It’s enough to make your head explode. The reality is that God is ultimately beyond our limited comprehension. Therefore, any explanation of the unknowable is, at best, incomplete and simplistic. Perhaps the most important thing is how we experience God in our own lives.

So, I ask you, who is God? Who is God for you? In one word, or a short phrase.

[pause for responses]

One of the descriptions that I heard was that God is love. This is one of the simplest descriptions of who God is. Yet perhaps one of the most theologically sound. And perhaps one of the most accurate. In fact, in the First Letter of John, the apostle writes, “Whoever does not love does not know God, for God is love” (1 Jn 4.8). One of the original twelve disciples who knew Jesus – God the Son – firsthand. Who learned about God the Father from Jesus himself, who experienced the coming of the Holy Spirit on Pentecost, boiled down the essence of who God – Father, Son, and Holy Spirit – is to that of love.

In the first few centuries of the Church, there were many debates about the nature of God and of the Trinity. Because of this, heresies abounded. Part of the reason we have creeds such as the Nicene Creed was an attempt by the early Church to make a clear statement about what we officially believe regarding the nature of God. These debates were generally resolved by middle of the fourth century. But then was opened the way for further discussion and attempts to clarify the exact nature of the Trinity. And we’ve been trying to find the best way to describe it ever since.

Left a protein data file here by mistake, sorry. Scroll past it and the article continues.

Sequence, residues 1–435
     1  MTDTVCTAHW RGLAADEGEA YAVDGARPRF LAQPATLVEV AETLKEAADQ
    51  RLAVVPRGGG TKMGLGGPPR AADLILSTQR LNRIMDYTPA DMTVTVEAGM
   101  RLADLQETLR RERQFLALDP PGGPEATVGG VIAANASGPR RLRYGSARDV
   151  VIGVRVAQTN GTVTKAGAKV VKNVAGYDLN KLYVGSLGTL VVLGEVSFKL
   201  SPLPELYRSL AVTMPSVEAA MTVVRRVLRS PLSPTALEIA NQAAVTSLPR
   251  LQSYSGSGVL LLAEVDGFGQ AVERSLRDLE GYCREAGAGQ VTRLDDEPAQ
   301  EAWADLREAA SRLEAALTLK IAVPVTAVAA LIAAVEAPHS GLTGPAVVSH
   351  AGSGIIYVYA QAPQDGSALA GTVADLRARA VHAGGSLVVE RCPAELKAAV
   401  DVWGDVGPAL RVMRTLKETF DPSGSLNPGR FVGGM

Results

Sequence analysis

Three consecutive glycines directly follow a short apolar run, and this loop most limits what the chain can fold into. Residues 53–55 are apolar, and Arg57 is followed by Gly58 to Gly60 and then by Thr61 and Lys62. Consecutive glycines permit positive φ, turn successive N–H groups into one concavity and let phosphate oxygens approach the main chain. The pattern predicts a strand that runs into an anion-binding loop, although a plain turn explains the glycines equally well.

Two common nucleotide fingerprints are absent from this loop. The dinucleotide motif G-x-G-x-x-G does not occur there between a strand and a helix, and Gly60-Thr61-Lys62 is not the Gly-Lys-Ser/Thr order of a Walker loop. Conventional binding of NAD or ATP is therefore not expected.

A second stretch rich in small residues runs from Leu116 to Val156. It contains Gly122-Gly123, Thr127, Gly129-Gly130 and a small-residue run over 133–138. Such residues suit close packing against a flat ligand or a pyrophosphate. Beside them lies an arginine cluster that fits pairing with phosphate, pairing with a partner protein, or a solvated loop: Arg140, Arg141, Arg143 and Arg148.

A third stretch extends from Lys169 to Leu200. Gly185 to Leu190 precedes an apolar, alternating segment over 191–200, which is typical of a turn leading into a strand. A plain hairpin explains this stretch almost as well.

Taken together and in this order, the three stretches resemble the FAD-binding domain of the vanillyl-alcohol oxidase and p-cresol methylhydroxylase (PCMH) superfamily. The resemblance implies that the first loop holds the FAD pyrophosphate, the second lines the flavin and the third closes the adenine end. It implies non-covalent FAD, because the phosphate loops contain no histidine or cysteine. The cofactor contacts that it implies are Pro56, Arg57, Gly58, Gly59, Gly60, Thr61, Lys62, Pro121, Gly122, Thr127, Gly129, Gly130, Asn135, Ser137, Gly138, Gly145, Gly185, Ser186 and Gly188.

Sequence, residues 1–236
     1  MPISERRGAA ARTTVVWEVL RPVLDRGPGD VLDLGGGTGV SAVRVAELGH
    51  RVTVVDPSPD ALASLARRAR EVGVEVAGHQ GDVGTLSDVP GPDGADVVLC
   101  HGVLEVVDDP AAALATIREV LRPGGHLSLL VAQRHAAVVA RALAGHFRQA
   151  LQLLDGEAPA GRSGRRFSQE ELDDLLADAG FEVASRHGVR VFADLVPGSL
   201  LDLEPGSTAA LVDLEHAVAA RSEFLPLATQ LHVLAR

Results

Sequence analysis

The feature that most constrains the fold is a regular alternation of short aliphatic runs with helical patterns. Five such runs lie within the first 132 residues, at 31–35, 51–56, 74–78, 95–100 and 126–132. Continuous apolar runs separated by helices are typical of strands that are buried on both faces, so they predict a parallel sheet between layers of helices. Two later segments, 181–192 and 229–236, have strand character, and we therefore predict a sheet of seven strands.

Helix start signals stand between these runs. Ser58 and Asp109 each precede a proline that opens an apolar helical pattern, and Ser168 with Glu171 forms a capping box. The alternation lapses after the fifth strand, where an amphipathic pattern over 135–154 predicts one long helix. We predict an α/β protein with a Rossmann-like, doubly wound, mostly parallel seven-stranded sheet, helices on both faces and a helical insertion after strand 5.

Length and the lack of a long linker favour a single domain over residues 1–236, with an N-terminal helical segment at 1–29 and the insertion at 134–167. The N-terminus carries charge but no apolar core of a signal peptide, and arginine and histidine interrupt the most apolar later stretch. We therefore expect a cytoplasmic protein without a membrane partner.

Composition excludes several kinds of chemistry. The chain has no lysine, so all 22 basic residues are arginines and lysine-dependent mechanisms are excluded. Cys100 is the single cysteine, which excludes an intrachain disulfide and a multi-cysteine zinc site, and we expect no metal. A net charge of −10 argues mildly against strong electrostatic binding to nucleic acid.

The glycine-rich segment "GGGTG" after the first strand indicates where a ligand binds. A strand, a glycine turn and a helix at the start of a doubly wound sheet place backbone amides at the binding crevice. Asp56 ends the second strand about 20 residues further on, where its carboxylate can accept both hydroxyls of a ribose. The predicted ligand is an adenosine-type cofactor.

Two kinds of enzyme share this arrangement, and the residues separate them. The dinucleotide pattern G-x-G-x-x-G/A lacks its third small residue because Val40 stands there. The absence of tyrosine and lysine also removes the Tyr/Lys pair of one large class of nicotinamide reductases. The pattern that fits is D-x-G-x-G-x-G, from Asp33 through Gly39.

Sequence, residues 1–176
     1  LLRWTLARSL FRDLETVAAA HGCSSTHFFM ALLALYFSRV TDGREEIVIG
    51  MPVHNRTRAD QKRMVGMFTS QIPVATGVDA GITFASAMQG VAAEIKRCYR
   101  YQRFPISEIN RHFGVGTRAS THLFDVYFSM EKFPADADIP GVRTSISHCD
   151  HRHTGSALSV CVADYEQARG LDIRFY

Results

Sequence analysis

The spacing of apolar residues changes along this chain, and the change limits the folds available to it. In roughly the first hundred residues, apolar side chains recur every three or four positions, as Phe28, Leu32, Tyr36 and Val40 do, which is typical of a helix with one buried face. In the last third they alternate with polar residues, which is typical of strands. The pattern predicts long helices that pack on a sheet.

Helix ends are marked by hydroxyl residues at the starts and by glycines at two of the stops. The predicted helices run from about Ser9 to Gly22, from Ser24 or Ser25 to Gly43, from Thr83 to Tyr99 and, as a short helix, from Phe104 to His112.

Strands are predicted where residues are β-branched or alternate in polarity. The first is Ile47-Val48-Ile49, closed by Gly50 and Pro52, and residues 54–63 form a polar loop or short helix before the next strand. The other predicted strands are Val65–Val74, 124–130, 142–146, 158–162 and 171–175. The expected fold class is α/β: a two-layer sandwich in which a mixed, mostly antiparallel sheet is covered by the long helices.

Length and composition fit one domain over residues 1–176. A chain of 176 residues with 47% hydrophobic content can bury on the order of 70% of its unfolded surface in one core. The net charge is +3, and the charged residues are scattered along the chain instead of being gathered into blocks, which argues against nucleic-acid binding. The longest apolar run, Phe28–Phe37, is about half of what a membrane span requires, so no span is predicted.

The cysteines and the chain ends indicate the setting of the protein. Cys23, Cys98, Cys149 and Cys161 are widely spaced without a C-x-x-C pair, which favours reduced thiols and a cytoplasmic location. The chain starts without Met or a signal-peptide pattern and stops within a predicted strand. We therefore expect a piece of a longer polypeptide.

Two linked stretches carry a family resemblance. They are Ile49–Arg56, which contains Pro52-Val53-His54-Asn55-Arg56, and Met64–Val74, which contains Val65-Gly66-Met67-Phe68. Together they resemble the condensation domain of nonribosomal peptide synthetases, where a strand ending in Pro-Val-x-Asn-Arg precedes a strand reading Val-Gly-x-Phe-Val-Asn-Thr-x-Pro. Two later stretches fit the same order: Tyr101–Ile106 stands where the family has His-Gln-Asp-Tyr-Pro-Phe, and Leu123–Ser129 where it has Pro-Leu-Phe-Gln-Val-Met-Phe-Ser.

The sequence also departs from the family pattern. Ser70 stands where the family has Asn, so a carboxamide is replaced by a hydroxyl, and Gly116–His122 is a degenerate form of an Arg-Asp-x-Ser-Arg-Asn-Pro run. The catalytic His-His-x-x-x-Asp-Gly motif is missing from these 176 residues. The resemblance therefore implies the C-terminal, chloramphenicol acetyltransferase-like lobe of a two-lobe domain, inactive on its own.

One of the brilliant theological minds of the early Church, indeed of all times, was Augustine of Hippo, who lived in the latter half of the fourth century and the first part of the fifth century. Augustine was a prolific writer, and one of his dissertations concerned the Trinity. He opened “On the Trinity” with the statement “The following dissertation concerning the Trinity, as the reader ought to be informed, has been written in order to guard against the [misleading arguments] of those who disdain to begin with faith, and are deceived by a crude and perverse love of reason” (Basic Writings of St. Augustine, Vol. 2, p. 687). In other words, we attempt to approach the subject from a rational perspective – virtually impossible given the nature of God and the Trinity – instead of from a faith perspective. Augustine argues that if we really must provide a rational description of the Trinity, the best we can hope to do is use analogies from our own human experience to offer an explanation for what is unexplainable.